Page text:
Still a shortage of Rentals in Nanaimo

The ongoing saga of low rental rates in B.C. continues. I know that the city is currently working on a plan to make it easier for homes to have a legal secondary suite, but as far as I know the plan isn’t finalized yet. I’ll be interested to see the details once it is finalized. Until then, we still have a lot of reports coming out in the local newspapers such as the one below.
If you’re one of the people having trouble finding a place. Let me say good luck to you. But look on the bright side, at least you aren’t trying to find a place in Japan where by the time you move in, you’ve probably spent about $3000 – $5000 (or more) in various fees and basic purchases on top of rent. And that’s after you’ve spent ages trying to find a decent place that will rent to a non Japanese. Can you tell I’ve gone through all this?:)
Wow, there’s that feeling of being glad to live out here again. As someone said to me today "It’s like living in a park."
Ryan

Rental vacancy drops lower than B.C. average

Robert Barron
Daily News

The fact that vacancy rates for rental units in Nanaimo have decreased during the past year comes as no surprise to Andrew Tucker.

The head of the city’s community planning department said a report released by the Canada Mortgage and Housing Corporation on Thursday that suggests Nanaimo’s vacancy rate has dropped from 1.5% last year to just above 0.5% this year corresponds with what he’s been seeing in the community.

There are only about 3,400 rental units in Nanaimo.

"There’s no doubt the rental market is tight here because a lot of the new jobs being created in Nanaimo are in the service industry and a lot of these folks are looking to rent at the same time that there’s less to rent," Tucker said.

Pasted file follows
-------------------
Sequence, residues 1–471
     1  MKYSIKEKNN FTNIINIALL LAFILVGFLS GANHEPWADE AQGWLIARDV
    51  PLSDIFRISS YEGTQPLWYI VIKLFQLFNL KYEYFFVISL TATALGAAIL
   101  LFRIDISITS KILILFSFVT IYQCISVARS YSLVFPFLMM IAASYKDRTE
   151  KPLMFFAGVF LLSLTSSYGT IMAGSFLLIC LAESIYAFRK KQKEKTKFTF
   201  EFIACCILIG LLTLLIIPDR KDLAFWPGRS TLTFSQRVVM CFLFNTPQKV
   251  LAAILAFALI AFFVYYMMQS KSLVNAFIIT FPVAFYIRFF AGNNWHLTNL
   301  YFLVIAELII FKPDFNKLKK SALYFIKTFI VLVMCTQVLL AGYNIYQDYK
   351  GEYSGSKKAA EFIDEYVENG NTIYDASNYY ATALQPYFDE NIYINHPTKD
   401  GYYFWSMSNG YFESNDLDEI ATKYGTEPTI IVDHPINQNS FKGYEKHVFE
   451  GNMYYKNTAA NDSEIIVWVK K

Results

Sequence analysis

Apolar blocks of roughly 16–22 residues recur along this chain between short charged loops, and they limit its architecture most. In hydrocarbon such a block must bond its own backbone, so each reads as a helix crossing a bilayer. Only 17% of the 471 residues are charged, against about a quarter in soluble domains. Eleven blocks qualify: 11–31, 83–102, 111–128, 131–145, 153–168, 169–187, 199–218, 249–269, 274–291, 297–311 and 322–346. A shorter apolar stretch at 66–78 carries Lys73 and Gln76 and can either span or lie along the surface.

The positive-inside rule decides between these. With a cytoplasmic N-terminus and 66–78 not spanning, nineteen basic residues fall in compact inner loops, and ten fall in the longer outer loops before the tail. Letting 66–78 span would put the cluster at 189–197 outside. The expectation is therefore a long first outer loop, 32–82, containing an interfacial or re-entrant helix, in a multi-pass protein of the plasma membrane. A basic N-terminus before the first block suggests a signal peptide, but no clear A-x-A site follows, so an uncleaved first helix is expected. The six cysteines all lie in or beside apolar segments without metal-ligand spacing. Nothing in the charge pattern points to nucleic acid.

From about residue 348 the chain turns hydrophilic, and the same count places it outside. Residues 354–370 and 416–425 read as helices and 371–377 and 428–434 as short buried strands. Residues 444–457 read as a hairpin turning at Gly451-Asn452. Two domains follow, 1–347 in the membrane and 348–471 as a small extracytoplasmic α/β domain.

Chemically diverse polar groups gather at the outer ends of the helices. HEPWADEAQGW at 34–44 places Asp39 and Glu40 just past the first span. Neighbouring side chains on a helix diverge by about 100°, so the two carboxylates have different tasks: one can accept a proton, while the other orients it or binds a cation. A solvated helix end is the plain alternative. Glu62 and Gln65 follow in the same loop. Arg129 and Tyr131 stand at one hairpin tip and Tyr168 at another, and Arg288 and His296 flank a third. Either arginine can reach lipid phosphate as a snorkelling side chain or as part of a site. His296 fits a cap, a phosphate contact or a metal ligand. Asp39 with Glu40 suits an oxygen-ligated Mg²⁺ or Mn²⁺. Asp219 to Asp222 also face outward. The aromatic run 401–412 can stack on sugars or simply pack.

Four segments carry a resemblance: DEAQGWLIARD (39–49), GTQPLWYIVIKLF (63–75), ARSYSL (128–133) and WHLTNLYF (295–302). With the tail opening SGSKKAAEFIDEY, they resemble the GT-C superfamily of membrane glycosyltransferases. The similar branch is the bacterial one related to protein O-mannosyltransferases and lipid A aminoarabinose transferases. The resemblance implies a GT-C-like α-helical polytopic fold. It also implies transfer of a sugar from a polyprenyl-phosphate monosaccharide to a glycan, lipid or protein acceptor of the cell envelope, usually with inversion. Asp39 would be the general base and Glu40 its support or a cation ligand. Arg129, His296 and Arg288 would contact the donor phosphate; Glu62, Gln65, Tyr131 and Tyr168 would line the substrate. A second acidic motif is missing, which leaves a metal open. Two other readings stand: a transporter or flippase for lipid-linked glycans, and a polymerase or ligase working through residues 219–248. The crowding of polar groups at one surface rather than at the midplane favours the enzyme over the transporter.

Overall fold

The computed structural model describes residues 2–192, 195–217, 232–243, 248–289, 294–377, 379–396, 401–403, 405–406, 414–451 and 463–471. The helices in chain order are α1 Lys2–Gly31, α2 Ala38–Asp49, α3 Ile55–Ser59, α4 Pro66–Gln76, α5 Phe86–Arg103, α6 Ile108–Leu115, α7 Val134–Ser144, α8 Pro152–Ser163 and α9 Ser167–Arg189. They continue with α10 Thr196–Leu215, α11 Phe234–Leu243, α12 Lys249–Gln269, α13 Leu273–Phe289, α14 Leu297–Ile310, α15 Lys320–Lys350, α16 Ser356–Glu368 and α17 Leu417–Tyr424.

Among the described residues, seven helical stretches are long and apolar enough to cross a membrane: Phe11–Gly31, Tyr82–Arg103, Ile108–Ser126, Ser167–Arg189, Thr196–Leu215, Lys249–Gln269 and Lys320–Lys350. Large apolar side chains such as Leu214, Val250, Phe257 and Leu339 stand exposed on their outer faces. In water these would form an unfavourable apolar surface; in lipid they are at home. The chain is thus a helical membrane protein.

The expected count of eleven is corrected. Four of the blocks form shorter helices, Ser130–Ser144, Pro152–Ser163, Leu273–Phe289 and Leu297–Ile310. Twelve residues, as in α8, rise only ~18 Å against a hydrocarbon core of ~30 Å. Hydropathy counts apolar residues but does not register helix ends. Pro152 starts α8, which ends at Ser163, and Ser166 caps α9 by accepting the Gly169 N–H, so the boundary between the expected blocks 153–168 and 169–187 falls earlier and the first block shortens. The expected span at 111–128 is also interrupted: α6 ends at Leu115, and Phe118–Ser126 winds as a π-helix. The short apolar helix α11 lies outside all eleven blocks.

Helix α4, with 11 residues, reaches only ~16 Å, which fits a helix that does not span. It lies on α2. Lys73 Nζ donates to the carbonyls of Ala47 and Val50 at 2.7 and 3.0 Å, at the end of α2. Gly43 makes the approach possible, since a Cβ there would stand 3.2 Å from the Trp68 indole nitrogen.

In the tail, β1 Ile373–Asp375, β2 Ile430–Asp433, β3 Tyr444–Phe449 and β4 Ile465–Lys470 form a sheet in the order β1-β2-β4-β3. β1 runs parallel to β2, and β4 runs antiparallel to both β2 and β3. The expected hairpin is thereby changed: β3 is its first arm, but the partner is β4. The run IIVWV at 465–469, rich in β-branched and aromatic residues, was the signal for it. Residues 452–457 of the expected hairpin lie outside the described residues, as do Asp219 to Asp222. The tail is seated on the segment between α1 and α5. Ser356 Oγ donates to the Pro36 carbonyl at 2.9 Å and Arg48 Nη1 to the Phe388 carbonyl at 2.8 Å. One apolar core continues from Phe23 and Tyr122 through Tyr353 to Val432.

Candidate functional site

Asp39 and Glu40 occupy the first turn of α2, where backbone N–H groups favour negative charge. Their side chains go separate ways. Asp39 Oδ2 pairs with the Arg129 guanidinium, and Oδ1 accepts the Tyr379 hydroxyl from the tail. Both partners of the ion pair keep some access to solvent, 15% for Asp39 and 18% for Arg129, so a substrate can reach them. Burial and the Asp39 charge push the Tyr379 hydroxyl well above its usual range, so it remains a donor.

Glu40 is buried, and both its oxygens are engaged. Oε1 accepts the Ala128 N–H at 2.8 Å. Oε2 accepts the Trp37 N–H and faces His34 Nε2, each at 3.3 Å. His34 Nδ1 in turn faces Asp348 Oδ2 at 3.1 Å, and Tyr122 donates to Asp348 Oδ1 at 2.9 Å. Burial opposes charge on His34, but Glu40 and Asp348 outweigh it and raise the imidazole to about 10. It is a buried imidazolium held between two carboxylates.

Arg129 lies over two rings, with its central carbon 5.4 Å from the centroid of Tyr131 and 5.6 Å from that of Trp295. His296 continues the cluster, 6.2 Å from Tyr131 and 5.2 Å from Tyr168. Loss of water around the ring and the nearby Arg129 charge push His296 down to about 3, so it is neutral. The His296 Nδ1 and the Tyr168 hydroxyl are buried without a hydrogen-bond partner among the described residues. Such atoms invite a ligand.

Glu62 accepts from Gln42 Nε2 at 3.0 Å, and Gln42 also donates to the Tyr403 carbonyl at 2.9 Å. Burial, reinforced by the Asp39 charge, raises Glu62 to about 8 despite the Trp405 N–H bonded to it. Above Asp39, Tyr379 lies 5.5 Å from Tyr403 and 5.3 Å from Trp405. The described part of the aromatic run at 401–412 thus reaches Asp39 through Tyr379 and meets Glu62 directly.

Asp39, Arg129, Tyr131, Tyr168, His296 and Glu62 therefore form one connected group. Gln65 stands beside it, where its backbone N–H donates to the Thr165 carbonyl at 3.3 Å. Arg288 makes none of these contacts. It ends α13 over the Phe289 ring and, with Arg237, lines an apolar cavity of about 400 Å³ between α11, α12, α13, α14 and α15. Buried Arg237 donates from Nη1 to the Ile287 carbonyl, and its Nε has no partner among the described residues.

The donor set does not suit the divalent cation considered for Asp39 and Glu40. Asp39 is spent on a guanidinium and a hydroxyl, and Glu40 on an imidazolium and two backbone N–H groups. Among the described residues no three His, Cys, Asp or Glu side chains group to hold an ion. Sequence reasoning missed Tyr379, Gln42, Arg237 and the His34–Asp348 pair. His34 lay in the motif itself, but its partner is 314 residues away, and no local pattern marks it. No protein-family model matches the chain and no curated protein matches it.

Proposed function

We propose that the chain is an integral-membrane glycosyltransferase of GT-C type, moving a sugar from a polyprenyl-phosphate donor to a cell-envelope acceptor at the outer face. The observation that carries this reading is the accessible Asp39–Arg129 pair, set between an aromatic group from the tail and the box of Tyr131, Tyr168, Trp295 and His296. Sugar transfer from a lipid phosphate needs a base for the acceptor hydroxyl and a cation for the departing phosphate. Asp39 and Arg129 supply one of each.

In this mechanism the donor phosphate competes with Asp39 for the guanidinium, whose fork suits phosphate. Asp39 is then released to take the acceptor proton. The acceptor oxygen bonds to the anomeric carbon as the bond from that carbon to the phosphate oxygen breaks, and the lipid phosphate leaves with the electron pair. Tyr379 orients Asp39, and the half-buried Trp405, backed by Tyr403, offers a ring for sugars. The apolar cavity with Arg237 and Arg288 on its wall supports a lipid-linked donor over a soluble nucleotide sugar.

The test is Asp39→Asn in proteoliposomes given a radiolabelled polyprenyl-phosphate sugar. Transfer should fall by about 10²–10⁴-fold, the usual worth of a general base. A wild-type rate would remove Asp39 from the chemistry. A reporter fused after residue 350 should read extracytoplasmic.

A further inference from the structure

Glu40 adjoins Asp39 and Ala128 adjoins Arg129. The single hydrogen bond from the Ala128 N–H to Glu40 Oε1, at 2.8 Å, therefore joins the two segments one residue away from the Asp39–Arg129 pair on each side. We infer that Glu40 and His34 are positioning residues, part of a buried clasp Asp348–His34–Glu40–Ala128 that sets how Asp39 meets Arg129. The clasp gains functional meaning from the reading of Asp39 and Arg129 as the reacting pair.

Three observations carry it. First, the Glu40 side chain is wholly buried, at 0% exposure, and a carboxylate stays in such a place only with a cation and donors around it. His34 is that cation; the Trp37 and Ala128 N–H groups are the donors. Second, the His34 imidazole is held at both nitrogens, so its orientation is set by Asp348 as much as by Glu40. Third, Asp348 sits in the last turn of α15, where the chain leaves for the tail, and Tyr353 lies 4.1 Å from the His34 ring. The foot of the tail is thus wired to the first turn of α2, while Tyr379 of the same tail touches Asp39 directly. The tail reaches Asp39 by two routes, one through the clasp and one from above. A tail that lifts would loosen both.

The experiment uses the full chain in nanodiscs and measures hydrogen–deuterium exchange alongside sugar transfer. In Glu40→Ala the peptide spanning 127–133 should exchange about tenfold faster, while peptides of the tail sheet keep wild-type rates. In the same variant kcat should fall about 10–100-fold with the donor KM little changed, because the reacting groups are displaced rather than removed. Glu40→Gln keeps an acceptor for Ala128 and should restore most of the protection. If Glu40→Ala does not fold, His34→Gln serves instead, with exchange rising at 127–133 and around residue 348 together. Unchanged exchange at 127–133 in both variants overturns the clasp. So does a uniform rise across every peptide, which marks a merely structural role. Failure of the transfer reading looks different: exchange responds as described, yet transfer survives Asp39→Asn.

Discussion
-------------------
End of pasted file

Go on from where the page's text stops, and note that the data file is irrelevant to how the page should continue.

"Nanaimo has a policy that’s in effect now that if rental vacancy rates drop below 3%, we don’t allow conversions from rental units into strata but the vacancy rates continue to drop despite the fact that 30% of new housing in the city have secondary

suites.

"A lot of it has to do with the fact that there are no more rental buildings, with 24 to 36 units, being built anymore mainly because there are no more government programs and incentives to build them."

Nanaimo is not unique in B.C. with dropping rental vacancy rates, but it does have one of the lowest.

Strong demand for rental accommodation throughout the province pushed the apartment rental vacancy rate down to an average 1.1% in April from 1.2% a year ago, according to the Canada Mortgage and Housing Corp. report.

The metro Vancouver vacancy rate remained unchanged from a year ago at 0.9% while Victoria’s rate fell from 0.8% to 0.3% and the rate in Kelowna dropped from 0.7% to

0.3%.

However, the apartment vacancy rate in Abbotsford rose from 0.6% to 2.4% while the rate in Prince George increased from 2% to 2.7%.

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